May 16 through June 18, 2016
Mead site is a multicomponent site consisting of at least 4 components dating from 14,000 to 1,400 years ago in deeply buried stratified contexts in the mid Tanana Basin, near Delta Junction, Alaska. This site has received little investigation given its importance in the early prehistory of northwest North America, but initial excavations have yielded lithic tools, organic tools, and faunal remains from multiple components. Along with Broken Mammoth and Swan Point, this is one of the oldest sites in northwest North America, and indeed in the Western Hemisphere. The presence of faunal remains and lithic artifacts within stratified contexts provides an opportunity to document patterning in site use and test hypotheses about technology, subsistence, and settlement of ancient populations in Interior Alaska.
The 2016 excavation and field school at Mead is designed to better understand activity areas and technological and subsistence change through time. Specifically, we will focus on areas of the site where we recovered numerous faunal remains (bison, waterfowl, small game, and fish) dating to ~12,500 cal BP, that may represent multiple ancient house floors. In the past several seasons, we encountered multiple hearth features with associated fauna, including (1) a Pre-Clovis horizon associated with bison and quartz lithics dating to >13,300 cal BP, (2) an early horizon with 6 hearths dating to over 13,000 cal BP, (3) a Younger Dryas horizon (Folsom age) with 15 hearth-related activity areas dating to 12,500 cal BP, and (4) a middle Holocene layer with an associated cache pit, the earliest of its kind in this region. All of these areas have associated well preserved faunal remains. We expect to recover numerous lithic and faunal remains, probably in association with hearth features. This will give field school students an unparalleled opportunity to participate in a cutting edge excavation of an important site, using modern archaeological equipment and techniques that will be valuable to them in their future work and classes.
We will use the grid established in previous years, and a Leica Total Station will be used for mapping. Students will be trained in both computer and traditional methods of provenience control. Various excavation strategies, stratigraphic profile drawing, and field recording will be emphasized. Archaeological features and articulated faunal remains may be encountered, thus enabling students to get specialized training in excavating and preserving these rare entities.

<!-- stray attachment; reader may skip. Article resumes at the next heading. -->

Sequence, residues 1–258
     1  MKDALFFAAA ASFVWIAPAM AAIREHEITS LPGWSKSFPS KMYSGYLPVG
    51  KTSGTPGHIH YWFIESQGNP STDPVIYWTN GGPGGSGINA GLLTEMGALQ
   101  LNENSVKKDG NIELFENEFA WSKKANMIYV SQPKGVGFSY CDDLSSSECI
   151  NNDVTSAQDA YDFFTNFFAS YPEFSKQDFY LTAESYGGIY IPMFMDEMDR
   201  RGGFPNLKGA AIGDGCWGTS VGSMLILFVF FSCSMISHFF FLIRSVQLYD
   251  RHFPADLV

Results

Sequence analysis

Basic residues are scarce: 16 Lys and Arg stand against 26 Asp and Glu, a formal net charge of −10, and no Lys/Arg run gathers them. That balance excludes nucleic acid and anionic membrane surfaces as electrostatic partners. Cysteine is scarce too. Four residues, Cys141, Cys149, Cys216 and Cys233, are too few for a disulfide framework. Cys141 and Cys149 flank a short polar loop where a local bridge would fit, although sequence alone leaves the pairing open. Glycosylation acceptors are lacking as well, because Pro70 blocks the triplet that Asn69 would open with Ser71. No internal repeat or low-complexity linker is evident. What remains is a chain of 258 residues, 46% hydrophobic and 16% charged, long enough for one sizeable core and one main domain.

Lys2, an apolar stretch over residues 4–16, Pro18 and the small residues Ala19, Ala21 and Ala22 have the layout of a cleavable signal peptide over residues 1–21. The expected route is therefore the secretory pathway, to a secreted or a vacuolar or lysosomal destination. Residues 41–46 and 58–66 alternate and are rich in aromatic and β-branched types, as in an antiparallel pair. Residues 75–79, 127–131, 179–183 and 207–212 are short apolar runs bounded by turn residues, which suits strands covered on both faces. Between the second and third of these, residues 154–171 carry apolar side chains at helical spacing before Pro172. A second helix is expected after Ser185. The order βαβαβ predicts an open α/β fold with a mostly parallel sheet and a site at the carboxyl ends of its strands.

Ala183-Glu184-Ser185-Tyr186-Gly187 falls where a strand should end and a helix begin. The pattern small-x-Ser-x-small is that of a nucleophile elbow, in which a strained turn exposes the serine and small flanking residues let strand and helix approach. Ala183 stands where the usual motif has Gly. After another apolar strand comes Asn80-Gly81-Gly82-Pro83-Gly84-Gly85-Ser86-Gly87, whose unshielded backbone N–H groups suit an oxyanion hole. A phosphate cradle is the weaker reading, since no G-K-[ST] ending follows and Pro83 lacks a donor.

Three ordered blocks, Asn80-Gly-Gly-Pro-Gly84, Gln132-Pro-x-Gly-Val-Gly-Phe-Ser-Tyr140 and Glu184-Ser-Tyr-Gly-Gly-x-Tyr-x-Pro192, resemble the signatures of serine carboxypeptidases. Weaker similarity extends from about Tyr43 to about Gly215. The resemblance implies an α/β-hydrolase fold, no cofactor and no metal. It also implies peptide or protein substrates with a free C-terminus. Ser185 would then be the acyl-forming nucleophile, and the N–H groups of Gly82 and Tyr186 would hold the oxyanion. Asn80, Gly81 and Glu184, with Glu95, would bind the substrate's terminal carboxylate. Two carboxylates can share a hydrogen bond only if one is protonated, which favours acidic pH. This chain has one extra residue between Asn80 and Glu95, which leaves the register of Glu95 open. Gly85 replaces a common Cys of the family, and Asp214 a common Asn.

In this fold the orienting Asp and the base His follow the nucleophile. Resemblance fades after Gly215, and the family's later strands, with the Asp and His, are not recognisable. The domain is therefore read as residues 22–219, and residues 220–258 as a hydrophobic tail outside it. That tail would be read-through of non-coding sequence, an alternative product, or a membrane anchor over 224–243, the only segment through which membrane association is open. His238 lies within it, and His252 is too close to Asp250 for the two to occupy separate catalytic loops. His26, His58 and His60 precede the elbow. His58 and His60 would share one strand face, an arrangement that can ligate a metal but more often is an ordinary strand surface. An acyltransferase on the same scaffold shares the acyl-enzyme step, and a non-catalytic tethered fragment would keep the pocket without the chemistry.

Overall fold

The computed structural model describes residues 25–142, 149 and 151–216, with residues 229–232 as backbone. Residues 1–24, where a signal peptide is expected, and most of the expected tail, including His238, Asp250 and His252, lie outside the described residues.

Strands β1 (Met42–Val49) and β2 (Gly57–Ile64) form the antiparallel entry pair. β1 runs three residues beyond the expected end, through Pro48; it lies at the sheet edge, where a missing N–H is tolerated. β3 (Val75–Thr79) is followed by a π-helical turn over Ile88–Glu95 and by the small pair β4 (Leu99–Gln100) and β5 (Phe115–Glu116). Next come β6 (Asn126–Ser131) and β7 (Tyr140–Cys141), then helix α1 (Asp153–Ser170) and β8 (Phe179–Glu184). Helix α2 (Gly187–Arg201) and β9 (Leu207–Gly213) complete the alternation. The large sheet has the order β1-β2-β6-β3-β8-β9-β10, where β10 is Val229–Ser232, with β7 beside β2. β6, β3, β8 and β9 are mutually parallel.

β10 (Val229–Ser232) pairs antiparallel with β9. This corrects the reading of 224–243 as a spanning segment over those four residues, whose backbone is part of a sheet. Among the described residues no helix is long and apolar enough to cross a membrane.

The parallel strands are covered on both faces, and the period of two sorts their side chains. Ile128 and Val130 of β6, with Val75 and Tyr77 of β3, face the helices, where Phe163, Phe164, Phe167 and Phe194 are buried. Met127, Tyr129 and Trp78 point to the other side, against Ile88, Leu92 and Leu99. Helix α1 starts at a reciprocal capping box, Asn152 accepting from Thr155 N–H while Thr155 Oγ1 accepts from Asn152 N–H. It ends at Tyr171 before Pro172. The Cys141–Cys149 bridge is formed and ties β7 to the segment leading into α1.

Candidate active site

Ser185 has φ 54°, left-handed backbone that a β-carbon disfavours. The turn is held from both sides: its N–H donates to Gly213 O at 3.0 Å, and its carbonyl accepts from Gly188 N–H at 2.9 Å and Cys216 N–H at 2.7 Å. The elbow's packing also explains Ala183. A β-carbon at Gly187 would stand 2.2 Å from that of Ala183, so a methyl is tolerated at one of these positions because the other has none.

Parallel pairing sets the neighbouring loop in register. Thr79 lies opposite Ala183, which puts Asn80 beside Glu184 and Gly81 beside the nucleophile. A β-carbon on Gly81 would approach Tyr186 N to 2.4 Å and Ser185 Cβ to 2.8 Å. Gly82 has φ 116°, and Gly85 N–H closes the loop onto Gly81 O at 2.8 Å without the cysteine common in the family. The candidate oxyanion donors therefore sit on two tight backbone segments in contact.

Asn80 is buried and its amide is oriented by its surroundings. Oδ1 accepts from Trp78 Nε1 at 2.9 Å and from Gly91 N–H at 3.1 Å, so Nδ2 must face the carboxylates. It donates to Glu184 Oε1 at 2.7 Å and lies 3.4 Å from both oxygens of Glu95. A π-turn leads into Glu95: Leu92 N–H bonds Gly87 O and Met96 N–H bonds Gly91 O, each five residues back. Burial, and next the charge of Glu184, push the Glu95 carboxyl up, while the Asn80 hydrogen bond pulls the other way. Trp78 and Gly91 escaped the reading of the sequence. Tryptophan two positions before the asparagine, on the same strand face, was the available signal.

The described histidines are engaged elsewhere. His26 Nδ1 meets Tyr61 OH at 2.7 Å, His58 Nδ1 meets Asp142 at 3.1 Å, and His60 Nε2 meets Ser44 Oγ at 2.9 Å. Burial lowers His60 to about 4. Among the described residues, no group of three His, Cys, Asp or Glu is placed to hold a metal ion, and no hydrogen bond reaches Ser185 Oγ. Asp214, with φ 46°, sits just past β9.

Stratigraphy at the site consists of a series of aeolian sediments up to four m thick with several buried paleosol complexes. Given the complexity and time depth of the site, students will get a chance to develop excavation skills useful for many different archaeological problems (i.e., zooarchaeology, stratigraphy, spatial analysis, etc.). This is one of few sites in Interior Alaska with excellent faunal preservation, micro-stratigraphic and radiocarbon controls. We will also conduct optically stimulated luminescence dating (OSL), and students will be able to take part in this cutting edge research.
Lectures will be conducted on a regular basis on various aspects of archaeological theory, excavation practice, and analyses. I feel that archaeological field schools should give students both hands-on practical training in excavation and laboratory techniques as well as understanding the interface between theory and practice.
At the end of this field course, the students should:
1. understand archaeological research designs and their impacts on field investigations
2. have competence in field excavation and documentation methods (including basic mapping, use of total station, line-level, stratigraphic profiling, and excavation techniques).
3. understand basic problems in stratigraphy, taphonomy, and site formation and site disturbance factors
4. gain experience in field survey in Alaska remote settings
5. gain experience in working in remote field settings
6. evaluate the context of archaeological finds
Photos from the 2009-2014 Field Schools at Mead:
Excavating a 12,000 year-old hearth
A 13,300 year-old stone artifact scatter
2012 Field School
To read publications related to archaeology of Subarctic Alaska, see Dr. Potter's personal page.
This course begins at UAF, Fairbanks, Alaska, in Room 302, Bunnell Building on May 16, 9:00 AM. The Mead site is accessible by road via the Alaska Highway, though the site is 20 miles from the nearest town. Transportation from UAF to the site, trips to regional archaeological sites like Broken Mammoth and Gerstle River, and to and from Delta Junction is provided by UAF.
Life in the Field:
How to Apply and Costs:
You will need permission from the Instructor (Dr. Potter) to enroll. Please send to him (fax or email) the following documents:
Note: Due to the interest in this project, we have instituted the following application schedule:
Total costs (for ANTH-495)
UAF Summer Sessions has reduced tuition to in-state rates for all students, in-state or out of state. Contact Summer Sessions (below) for the tuition rate. Each student must have accident insurance coverage. This coverage can also be purchased from UAF for less than $5.00/day.
The University of Alaska is committed to equal opportunities for students experiencing disabilities. Due to the rigors of the fieldwork, students with disabilities are expected to notify the instructor of any potential difficulties prior to enrollment so that arrangements may be made to ensure a positive educational experience. Again, Instructor permission is required, so please contact Dr. Potter (firstname.lastname@example.org) to apply.
To receive a registration form, contact: